The FTC is investigating Google over anti-competitive practices in South Korea, more specifically, they’re being investigated over whether or not they interfered in any way with Samsung’s OS development within the country. Samsung is one of Google’s largest Android partners and has the biggest and most popular lineup of devices running on the platform. Samsung also has their own operating system, though it’s not really found on many phones and never really reached mainstream popularity. It’s now been revealed that the Fair Trade Commission opened up an investigation into the Anti-Fragmentation Agreement in May of 2016, an agreement made in 2011 between Samsung and Google in which Samsung agreed with Google to not develop an operating system that used Google’s algorithms in any way.
According to the report, the investigation that started last year is said to have uncovered what is being referred to as suspicious circumstances that point to Google potentially obstructing Samsung’s development of an operating system. It isn’t mentioned specifically what the operating system is, so there’s no detail regarding whether this was in relation to Tizen or not, though it might be suspected as such by some as Tizen is the OS that Samsung currently uses for some of their products and they haven’t been able to reach mainstream popularity with it on smartphones.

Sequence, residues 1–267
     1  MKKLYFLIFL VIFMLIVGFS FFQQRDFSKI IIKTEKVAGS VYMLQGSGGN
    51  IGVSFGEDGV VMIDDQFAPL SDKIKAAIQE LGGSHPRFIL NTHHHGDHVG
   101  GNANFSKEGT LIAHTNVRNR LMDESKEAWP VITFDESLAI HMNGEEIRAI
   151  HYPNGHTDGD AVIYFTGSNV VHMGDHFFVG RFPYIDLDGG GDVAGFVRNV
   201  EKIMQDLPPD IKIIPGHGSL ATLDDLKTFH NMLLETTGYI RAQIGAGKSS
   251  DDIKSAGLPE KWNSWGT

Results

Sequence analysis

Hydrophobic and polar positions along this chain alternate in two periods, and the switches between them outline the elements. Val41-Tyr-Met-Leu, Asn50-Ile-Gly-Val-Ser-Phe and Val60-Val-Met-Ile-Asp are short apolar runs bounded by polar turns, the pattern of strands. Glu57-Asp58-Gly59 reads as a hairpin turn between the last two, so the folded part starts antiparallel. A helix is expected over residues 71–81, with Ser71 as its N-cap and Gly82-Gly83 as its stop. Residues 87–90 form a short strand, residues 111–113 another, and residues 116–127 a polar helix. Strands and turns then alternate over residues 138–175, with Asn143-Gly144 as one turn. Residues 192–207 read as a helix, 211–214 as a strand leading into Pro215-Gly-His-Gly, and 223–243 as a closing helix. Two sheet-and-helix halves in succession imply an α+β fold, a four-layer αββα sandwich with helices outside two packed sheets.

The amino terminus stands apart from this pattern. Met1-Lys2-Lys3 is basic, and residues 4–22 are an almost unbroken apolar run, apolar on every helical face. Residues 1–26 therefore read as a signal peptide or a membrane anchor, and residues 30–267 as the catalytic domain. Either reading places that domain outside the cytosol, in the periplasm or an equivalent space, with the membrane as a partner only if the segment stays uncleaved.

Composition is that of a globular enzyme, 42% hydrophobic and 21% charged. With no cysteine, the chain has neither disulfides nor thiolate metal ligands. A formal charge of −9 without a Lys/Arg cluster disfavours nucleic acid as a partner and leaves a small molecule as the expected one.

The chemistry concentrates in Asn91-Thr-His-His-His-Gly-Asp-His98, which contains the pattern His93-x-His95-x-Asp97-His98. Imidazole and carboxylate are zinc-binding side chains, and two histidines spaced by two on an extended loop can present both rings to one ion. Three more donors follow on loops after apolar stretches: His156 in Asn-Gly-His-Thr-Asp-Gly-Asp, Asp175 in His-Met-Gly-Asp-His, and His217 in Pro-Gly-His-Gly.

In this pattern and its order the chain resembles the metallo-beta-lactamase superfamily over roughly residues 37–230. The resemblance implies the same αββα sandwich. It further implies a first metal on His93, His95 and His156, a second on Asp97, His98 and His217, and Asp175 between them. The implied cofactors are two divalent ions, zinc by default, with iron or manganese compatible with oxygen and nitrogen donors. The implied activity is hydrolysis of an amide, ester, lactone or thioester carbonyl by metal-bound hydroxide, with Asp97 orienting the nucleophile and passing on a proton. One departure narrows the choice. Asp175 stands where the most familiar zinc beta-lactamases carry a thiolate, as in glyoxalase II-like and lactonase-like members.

Perhaps partly due to the nature of the FTC’s findings last Spring, the FTC has stated that they may reopen a case against Google from 2013 which was in complaint about Google’s Mobile Application Distribution Agreement, another agreement which was from 2011 and the same time as the AFA that is now being investigated by the FTC. The report states that the FTC is looking into whether or not it can reopen the case for investigation as it’s been requested from lawmakers that they do so, which means that while the investigation may be reopened, it’s also possible that it may not be. This new investigation is the most recent issue that Google is facing over anti-competitive claims, with the search company having been dealing with the EU over anti-competitive practices since last year about the company’s search dominance.